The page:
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Seven years ago this week, the Pegasus Pipeline ruptured, sending 210,000 gallons of heavy crude oil flowing through a Mayflower subdivision into Lake Conway. Twenty-two homes were evacuated, and it took months to clean up the mess.

Now, seven years later, we still don't know if all the crude oil was removed from Lake Conway, or what the long-term environmental impact it will have on the local environment.

According to ExxonMobil, the owner and operator of the Pegasus Pipeline at the time, the pipeline had been tested in 2006 and inspected in 2010, with no areas of concern or abnormalities found. Later, however, the Pipeline and Hazardous Materials Safety Administration (PHMSA)--the federal agency tasked with assuring the proper operation of crude-oil transportation pipelines in the U.S.--announced ExxonMobil failed to spot obvious warnings that the Pegasus Pipeline had structural defects. In other words, ExxonMobil knew (and still knows) that much, if not all, of the pipe used to construct the pipeline was improperly manufactured and is subject to a greater-than-usual risk of failure.

ExxonMobil's claims of testing were hogwash. Testing consisted of pressurizing segments of the pipeline to the point where it broke. After establishing a pattern of breaking at a certain pressure--a pressure substantially below the manufacturer's stated maximum pressure for the pipe--ExxonMobil merely attempted to operate the pipeline at a lower pressure. That is the equivalent of saying, "The car starts to shimmy at 60 mph, so I just won't drive it above 55."

Just as driving at a slower speed doesn't fix the problem with the car, operating at a lower pressure doesn't fix the problem with the pipeline. By choosing not to solve those problems, ExxonMobil allowed them to grow and spread until eventually the pipeline ruptured--full of crude oil.

Since the pipeline has been non-operational, crude oil has been transported from the north to refineries along the Gulf of Mexico by other means. To put it bluntly, the decrepit Pegasus Pipeline hasn't been needed, so the risk of restarting it has not outweighed the potential reward to the oil and gas behemoth. Now, unfortunately, a new round of the old shell game has emerged.

Round One--ExxonMobil utilizes a series of transactions to transfer ownership of the pipeline to Energy Transfer (ET). The sole unstated purpose of ET is to insulate the major oil and gas production companies like ExxonMobil from bad publicity when breaks occur. In exchange for this service, their investors receive large returns from their pipeline operation. ExxonMobil transferred its asset to ET in exchange for a very small share of the ownership and a long-term crude oil shipping agreement that fixes costs for ExxonMobil and moves the risk of future pipeline breaks to ET. While ET claims to have a robust pipeline integrity management plan, one of its pipelines ruptured in March 2019 due to a stress corrosion crack, causing $1.14 million in property damage. In January 2020, a subsidiary of ET agreed to pay a fine in excess of $30 million due to "lack of oversight" and ET's failure to comply with Pennsylvania Department of Environmental Protection orders.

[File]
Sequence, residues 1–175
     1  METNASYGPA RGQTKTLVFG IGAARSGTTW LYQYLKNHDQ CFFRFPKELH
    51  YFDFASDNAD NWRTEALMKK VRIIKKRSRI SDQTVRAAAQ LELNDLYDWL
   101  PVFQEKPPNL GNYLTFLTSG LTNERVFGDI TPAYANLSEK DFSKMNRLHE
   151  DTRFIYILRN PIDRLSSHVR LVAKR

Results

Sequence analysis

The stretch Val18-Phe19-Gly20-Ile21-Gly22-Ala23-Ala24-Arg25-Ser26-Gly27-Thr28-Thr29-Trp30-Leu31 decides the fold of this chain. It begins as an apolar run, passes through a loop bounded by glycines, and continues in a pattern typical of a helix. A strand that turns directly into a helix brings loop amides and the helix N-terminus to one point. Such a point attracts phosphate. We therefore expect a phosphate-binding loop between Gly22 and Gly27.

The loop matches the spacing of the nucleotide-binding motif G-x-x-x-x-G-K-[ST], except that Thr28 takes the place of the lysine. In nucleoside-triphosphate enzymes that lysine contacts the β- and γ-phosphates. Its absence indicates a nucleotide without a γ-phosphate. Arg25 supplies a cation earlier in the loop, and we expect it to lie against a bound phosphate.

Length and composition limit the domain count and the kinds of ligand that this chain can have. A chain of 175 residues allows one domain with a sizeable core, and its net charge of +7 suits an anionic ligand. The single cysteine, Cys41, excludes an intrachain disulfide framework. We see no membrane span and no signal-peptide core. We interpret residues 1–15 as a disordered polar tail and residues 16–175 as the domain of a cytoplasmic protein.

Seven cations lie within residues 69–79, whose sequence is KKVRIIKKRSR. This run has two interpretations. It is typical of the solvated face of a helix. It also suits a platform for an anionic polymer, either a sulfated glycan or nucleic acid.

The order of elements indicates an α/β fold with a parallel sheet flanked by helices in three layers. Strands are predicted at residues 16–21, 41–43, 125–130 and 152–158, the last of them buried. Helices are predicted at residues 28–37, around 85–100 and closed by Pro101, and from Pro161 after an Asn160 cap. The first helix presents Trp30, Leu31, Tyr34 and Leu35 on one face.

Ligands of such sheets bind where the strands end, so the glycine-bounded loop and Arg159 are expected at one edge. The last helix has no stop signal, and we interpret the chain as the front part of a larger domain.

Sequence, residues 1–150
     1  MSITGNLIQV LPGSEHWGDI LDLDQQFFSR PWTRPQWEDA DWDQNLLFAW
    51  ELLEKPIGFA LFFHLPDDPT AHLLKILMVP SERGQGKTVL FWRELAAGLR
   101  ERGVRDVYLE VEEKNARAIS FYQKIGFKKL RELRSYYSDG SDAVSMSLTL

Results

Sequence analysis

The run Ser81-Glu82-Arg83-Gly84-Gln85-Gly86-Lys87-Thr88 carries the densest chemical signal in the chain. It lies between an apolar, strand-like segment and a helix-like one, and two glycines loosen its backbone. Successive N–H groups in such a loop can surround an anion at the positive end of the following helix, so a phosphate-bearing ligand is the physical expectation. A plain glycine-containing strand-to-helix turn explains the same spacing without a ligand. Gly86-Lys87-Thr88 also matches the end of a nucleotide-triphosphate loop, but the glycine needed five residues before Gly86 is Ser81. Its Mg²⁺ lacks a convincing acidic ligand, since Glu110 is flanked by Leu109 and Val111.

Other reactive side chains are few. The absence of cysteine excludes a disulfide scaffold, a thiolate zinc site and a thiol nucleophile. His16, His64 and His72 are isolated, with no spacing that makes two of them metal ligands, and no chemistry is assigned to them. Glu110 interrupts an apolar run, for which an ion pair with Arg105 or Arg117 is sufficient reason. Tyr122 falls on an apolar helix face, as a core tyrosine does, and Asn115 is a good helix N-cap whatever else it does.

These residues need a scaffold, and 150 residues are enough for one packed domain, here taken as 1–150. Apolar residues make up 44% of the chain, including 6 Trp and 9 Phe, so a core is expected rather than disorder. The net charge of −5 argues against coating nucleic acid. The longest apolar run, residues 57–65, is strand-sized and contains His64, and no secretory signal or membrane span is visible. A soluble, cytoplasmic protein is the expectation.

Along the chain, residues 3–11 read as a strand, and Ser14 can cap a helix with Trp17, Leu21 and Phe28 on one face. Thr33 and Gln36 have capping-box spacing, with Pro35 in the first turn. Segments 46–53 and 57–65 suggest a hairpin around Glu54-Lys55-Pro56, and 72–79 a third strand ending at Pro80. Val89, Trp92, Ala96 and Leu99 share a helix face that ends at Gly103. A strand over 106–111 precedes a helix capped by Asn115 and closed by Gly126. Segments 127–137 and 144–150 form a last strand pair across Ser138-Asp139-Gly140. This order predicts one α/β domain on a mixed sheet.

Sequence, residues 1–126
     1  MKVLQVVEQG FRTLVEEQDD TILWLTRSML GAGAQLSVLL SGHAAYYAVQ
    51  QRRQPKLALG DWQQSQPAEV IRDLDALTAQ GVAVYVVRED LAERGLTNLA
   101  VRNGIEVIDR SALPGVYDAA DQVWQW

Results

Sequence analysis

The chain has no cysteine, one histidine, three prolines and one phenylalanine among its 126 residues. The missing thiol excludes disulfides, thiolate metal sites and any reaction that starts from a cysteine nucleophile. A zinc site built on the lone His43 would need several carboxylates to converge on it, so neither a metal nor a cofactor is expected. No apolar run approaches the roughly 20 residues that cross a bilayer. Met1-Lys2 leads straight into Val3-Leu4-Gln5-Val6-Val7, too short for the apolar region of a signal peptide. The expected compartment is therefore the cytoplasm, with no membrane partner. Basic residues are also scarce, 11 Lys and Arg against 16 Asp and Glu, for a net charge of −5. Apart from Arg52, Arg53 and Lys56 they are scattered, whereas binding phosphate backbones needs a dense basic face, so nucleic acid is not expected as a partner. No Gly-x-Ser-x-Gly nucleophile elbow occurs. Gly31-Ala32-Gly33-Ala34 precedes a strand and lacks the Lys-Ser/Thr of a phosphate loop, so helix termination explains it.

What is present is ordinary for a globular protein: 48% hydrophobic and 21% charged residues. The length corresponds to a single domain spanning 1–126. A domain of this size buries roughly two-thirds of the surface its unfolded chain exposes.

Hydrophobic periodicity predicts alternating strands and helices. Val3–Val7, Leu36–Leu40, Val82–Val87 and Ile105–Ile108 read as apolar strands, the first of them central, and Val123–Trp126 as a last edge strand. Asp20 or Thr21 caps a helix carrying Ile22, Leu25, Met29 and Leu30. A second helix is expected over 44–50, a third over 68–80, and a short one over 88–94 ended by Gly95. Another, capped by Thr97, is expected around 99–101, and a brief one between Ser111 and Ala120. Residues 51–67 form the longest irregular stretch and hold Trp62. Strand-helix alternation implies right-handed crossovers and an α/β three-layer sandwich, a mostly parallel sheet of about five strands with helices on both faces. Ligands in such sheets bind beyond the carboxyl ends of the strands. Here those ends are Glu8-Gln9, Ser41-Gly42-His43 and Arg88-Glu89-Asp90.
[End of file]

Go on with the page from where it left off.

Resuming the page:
The very next month, ET reported record 2019 profits of $3.6 billion, more than three times its previous record of $1.1 billion, on virtually flat revenue.

Round Two--"Pegasus Pipeline" has a bad reputation, so let's rename it. In a series of correspondence over the past several months, the Pegasus Pipeline has been referred to as the Permian Express Pipeline, the Patoka Pipeline or Red Horse. ET's game is to call it something else so the public thinks we are talking about something else. They want it known as anything but the Pegasus Pipeline, which has a history and reputation for failure.

Round Three--The current company line from ET is, "We don't know if we are going to use it, we only want to know what condition it is in." The problem is that ET and PHMSA will be the only ones who know what condition it's in. The reason is that ET will not share the results of its test with anyone except PHMSA, which by law cannot share the information with anyone else.

At some point, ET will file a restart plan with PHMSA for administrative review. Unfortunately, PHMSA's ability to dictate what steps ET must take before operating the pipeline are limited. Local regulators have no say in the restart plan or pipeline operation procedures.

Why does all this matter? The Pegasus Pipeline runs along the north shore of Lake Maumelle. The rupture in Mayflower was just 8.5 miles from the lake's watershed. The same rupture in a slightly different location would have impacted the state's largest drinking water reservoir, negatively affecting more than 450,000 people in central Arkansas. Not to mention, the Pegasus Pipeline runs from the northeast part of the state to the southwest border, crossing 21 watersheds along the way. It's not just central Arkansas at risk.

The Pegasus Pipeline is not needed. Recent ET operations, and its record profits, have proven that. Given the pipeline's known propensity to break and ET's inability to assure the safe operations of its pipelines, the Pegasus Pipeline should never restart under its current name or any other name.

That's because a dangerous, defective pipeline--by any other name--remains a dangerous, defective pipeline.

------------v------------

Tad Bohannon is CEO of Central Arkansas Water.

Editorial on 04/03/2020

Print Headline: Pegasus reborn?

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